What image is conjured up in your mind, I wonder, when you hear the name Saint Barnabas?
For those of you who have come from Sydney, you might visualise the iconic church of Saint Barnabas on Broadway which was destroyed in a devastating fire several years ago, and now rebuilt in a modern style. Or if you come from somewhere else, you will probably have worshipped in a church or visited a church dedicated to the patronage of Saint Barnabas at some time or another.
For those of you who have been here in this Parish of East Maitland for many years, your minds probably wander – when you hear the name ‘Saint Barnabas’ to Victoria Street, the location of one of our former daughter churches.
This year, in our cycle of worship, we are taking time on four weekends to give thanks for the ministries of four of the churches within our Parish from which faithful ministry has taken place in the past. In April we celebrated the Feast of Saint Mark, and Deacon Wendy led us in giving thanks for the ministry of the Church at Eastville, and the ministry that continues in that building now that it has been moved to this site and has become our ministry centre. Later in the year we will celebrate the Feasts of Saint Luke and Saint Egwin, and remember with thanks the churches at Buchanan and Tenambit. There simply isn’t space in our calendar this year to celebrate St Andrew in honour of the Church and ministry at Largs, which was founded from this Church and later became part of the Parish of Morpeth, and we will find a way to do this at another time.
Today we celebrate the Feast of Saint Barnabas, and give thanks for the many years of worship and ministry of the congregation that gathered in Victoria Street. If you are a more recent arrival here, and cannot visualise Saint Barnabas’ Church, there is a depiction of the building in the artist’s impression of our proposed stained glass window to honour all of the ministry that took place in and from that place, alongside an image of the Saint himself, who was the Patron of that Church, on the inside cover of today’s liturgy booklet.
Saint Barnabas’ Church was established as a mission congregation within this Parish to meet the needs of residents in the vicinity of Victoria Street Railway Station, who – before the benefits of sealed roads and cars – found it difficult to travel to Saint Peter’s. The foundation stone was laid in February 1917 (99 years ago) and the building was dedicated for worship in April of the same year. It is interesting to remember that the church was erected in anticipation of world peace, and the plaque that was added after the building was paid for, and following the end of the First World War, gives thanks for the blessing of peace following that war, and stood as a symbol of thankfulness for that peace within our local community.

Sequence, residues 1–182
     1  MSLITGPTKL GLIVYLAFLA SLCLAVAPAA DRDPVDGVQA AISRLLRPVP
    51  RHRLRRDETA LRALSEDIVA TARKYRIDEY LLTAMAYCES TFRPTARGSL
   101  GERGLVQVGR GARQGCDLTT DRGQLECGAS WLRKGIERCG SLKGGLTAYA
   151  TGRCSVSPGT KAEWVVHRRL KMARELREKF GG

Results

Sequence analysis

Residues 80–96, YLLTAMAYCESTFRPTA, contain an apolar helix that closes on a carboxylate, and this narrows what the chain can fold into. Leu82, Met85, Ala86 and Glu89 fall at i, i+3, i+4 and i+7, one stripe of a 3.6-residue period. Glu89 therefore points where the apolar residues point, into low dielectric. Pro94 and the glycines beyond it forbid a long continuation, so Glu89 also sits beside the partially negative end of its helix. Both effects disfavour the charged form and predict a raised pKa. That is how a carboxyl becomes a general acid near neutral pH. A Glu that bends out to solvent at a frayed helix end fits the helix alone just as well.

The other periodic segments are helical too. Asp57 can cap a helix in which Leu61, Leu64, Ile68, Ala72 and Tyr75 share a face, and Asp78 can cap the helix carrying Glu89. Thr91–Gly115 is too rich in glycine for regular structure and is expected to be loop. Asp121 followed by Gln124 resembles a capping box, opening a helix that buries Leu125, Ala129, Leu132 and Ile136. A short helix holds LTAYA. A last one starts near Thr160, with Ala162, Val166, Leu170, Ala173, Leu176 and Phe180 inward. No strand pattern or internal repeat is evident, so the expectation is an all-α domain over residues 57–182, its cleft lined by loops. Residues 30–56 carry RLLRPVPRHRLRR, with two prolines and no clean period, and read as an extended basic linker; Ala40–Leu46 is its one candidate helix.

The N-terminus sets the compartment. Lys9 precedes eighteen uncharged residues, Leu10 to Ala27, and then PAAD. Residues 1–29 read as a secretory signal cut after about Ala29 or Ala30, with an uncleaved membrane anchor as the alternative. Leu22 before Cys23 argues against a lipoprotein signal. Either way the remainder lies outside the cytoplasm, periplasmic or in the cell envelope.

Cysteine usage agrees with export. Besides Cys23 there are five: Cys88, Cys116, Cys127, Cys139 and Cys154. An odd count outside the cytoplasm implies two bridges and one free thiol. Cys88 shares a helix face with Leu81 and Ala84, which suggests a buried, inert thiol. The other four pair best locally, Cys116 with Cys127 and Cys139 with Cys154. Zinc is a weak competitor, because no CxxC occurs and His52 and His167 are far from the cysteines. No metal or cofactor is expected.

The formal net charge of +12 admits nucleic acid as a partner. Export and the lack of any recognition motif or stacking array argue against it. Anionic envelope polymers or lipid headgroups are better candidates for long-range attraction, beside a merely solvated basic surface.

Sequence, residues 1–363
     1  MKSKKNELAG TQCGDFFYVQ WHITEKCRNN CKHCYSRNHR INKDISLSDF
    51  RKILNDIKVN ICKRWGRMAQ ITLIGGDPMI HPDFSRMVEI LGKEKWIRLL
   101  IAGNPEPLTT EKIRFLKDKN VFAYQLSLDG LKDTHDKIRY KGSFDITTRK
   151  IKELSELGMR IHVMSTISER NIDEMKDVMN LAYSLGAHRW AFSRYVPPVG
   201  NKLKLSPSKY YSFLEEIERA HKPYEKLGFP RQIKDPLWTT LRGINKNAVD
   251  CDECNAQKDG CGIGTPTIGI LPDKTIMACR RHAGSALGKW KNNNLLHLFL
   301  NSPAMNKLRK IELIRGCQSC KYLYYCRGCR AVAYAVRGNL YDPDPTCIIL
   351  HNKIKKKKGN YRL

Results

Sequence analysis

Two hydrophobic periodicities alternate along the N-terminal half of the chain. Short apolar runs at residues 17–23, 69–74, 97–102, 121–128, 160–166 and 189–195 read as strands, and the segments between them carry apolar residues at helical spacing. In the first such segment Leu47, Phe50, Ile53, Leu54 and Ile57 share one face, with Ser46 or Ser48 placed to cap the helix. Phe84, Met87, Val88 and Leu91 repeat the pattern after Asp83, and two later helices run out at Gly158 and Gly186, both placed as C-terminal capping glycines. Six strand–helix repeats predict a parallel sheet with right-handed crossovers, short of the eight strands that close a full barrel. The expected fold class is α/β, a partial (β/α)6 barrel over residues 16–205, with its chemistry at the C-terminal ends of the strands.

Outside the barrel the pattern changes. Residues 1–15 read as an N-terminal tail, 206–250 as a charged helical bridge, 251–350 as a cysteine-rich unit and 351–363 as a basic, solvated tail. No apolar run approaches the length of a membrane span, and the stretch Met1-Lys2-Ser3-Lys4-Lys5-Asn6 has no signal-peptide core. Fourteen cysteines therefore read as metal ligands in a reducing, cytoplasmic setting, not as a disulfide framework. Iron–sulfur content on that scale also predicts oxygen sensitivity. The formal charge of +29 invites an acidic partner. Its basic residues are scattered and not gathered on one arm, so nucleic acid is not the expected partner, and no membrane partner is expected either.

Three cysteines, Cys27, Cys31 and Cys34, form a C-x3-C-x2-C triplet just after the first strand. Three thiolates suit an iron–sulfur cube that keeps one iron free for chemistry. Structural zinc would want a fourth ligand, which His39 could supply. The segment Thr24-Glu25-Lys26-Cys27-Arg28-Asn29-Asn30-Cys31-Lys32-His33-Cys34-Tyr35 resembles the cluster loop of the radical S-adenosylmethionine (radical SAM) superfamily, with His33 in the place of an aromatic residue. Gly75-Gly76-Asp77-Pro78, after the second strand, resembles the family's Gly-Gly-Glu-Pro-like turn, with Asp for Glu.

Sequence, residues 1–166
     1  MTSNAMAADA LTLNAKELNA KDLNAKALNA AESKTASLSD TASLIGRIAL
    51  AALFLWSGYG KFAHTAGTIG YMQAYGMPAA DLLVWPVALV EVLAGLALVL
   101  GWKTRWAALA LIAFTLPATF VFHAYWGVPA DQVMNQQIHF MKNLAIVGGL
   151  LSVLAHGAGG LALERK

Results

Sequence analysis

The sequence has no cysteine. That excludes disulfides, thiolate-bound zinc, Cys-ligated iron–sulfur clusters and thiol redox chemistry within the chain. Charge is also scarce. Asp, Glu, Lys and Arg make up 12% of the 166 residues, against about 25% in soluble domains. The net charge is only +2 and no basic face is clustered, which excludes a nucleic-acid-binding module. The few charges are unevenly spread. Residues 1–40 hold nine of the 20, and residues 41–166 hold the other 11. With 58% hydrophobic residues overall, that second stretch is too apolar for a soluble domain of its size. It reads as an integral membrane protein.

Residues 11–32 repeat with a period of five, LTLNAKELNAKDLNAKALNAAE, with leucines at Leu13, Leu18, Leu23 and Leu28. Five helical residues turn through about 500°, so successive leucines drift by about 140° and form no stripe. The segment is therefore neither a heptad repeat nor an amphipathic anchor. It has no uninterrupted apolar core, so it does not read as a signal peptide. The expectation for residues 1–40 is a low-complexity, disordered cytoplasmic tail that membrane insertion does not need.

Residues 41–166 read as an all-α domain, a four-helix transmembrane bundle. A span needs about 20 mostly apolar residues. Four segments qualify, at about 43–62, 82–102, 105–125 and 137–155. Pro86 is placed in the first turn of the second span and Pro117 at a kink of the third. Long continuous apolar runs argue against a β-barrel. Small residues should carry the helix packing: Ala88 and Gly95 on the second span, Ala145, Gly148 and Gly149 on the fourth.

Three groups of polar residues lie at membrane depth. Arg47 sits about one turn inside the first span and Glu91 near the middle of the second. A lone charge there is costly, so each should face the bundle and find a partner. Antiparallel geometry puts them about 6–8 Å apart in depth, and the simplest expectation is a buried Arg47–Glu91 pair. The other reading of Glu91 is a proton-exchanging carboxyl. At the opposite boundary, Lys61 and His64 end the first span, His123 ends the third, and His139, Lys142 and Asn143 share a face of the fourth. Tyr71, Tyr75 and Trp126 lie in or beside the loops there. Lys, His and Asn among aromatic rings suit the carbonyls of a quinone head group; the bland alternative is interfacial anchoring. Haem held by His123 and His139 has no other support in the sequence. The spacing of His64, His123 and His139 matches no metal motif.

But that wasn’t the first Saint Barnabas’ Church in this local area. Some of you will remember hearing stories of the first Saint Barnabas’ Church in Horseshoe Bend in our neighbouring Parish of Maitland. It was from that church, after it was closed, that the original altar and some of the other furnishings were given as a gift to our Saint Barnabas Church, and I have wondered whether the altar that now stands in the Saint Barnabas’ Chapel here in Church, which came from Victoria Street, had in fact originally come from Horseshoe Bend, but it seems likely that it was replaced at Victoria Street at some point.
After many years of faithful ministry, and huge changes in church participation and transport, the Sunday School at Saint Barnabas’ Church was closed in 1979 and the church itself ceased to be a place of regular worship in 1985, and was sold in 1989 and converted into a private residence. This has been the fate of many of the smaller neighbourhood churches across Australia.
The proceeds from the sale, together with monies raised from the sale of the tennis courts on this site, and some blocks of land on the St Egwin’s Church property in Tenambit, were used to purchase a house on Chelmsford Drive in Metford, which was to be the centre of a new evangelistic ministry to that community following a recommendation by a Diocesan Commission led by the Assistant Bishop of the time that a new experimental pastoral area be established from the parish. The new pastoral area was in fact never brought into being, and the area remained within this parish, and for some years the house was used to accommodate members of parish staff before it was rented out and finally sold a year ago. And at that point the monies from the sale of the house were placed into the Saint Peter’s Endowment Trust, so that the funds from the sale of Saint Barnabas’ Church continue to play their part in supporting ministry and mission in this Parish into the future.